TechNet-21 - Forum

This forum provides a place for members to ask questions, share experiences, coordinate activities, and discuss recent developments in immunization.
  1. Isaac Gobina
  2. Cold chain equipment
  3. Thursday, 01 November 2018


The WHO PQS product feedback cycle

Did you know that at the heart of WHO Performance, Quality & Safety (PQS) is a crucial performance monitoring and feedback mechanism? This mechanism makes it possible for PQS to enforce and improve product standards and make sure that products and devices procured for use in immunization programmes are suitable, quality and reliable. This cycle of feedback and improvement is powered by the input of EPI programmes and product manufacturers. In-field insights - such as reports of product life cycle performance or defects and faults - help WHO PQS develop new or review existing product specifications to maintain a robust prequalification process and, ultimately, help EPI programmes safeguard and deliver precious potent and safe vaccines.

Envisioning the future

WHO PQS also gathers up-to-date insights about the evolving requirements of product users’ operating environments, with which PQS can help shape the design of novel product features. Desired future product features are incorporated into PQS target product profiles (TPPs) as aspirational targets for manufacturers’ product development. Recent examples of technical advancements thanks to PQS TPPs include remote temperature monitoring devices, and solar power energy harvesting capabilities. Both of these advances answer current needs of product technicians and other health centre staff, reinforcing abilities to deliver reliable vaccination services.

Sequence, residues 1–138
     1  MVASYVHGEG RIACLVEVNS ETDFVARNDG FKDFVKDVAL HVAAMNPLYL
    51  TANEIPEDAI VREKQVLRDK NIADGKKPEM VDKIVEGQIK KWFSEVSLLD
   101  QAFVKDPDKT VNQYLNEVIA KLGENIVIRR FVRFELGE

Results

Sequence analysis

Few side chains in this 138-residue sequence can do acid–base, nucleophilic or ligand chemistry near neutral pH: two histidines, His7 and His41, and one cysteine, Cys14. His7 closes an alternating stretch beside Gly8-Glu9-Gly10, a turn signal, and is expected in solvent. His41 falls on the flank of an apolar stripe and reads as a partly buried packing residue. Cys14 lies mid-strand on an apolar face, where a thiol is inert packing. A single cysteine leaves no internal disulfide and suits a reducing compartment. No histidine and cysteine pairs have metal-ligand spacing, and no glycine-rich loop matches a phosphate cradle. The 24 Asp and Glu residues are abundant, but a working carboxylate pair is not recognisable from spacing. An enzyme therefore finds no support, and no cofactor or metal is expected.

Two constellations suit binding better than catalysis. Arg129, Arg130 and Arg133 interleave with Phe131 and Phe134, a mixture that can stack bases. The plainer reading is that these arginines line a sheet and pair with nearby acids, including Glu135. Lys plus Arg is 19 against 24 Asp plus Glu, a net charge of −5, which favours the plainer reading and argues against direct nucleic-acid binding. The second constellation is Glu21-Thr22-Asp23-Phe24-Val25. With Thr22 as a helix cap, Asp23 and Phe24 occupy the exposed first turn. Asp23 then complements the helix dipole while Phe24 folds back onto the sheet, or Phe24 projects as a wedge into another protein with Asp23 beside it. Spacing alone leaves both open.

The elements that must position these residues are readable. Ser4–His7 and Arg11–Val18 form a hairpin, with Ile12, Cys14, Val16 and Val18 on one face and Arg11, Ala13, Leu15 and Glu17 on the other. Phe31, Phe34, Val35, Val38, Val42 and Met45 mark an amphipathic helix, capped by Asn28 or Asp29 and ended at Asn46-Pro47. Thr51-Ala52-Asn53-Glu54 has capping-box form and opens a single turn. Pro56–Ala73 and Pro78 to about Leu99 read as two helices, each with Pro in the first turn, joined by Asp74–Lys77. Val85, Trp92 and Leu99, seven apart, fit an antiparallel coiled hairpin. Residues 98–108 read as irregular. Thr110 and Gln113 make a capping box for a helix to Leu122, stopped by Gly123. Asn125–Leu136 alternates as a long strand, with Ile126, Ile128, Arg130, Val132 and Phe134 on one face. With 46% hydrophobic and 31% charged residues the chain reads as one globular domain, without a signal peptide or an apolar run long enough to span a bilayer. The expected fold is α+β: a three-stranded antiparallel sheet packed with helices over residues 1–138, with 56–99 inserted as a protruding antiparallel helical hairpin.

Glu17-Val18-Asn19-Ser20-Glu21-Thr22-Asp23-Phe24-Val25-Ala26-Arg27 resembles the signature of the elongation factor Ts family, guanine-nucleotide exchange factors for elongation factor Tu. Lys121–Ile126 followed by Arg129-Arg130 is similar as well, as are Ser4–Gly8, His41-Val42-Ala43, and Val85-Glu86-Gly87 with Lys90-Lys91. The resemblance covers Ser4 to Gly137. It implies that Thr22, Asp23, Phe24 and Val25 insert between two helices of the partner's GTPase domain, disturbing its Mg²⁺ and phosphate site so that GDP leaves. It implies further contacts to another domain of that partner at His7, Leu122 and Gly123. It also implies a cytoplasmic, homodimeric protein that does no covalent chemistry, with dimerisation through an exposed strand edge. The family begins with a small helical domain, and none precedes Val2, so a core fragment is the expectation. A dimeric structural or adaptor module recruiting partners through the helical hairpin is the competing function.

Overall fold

Five minutes to fruitful feedback!

So, calling all product users and product manufacturers to help improve performance and drive innovation of immunization products and devices!

Tell us about any product defects as they happen, and take a moment to imagine your dream-features for any PQS products:


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Larry Schlussler Accepted Answer

I have a suggestion for hot zone testing. It is benefical to have PQS test conditions not be unnecessarly restrictive and reflect real climatic data. I don't think a location can be found where day time reach 43 Deg C and night time temperatures remain near this high. In north Africa for example, day time temperatures may reach 43 Deg C but night time temperatures are much cooler.

What I suggest is that for a hot zone there will be no stable run test at 43 Deg C and that the test be replaced by a day/night test with appropriate temperatures. The appropriate temperatures would be determined from climatic data for locations deemed most critical.

Making a test conditions at one end of the temperature scale unnecessarly restrictive can effect reliability at the other end of temperature scale. For example if an SDD refrigerator is using ice for phase change storage the refrigerator compartment must be in relatively close thermal contact to the stored ice so that storage temperatures remain below 8 Deg C at an ambient temperature of 43 Deg C, this close thermal contact will make it difficult to maintain temperatures above 2 Deg C in a 10 Deg C enviorment. Having  test temperatures remain at 43 Deg C for 24 hrs will amplify this problem.

One further suggestion is that the MKT temperatures be used for all stable run tests to evaluate the effect of temperatures straying above  8 Deg C. Currently transient temperature above 8 Deg C are allowed, using MKT temperatures would quantify the effect of these temperatures excursions. Using MKT temperature would also allow manufactures and designers to know exactly how much of a tempeature  excursion is acceptable.

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  1. more than a month ago
  2. Cold chain equipment
  3. # 1

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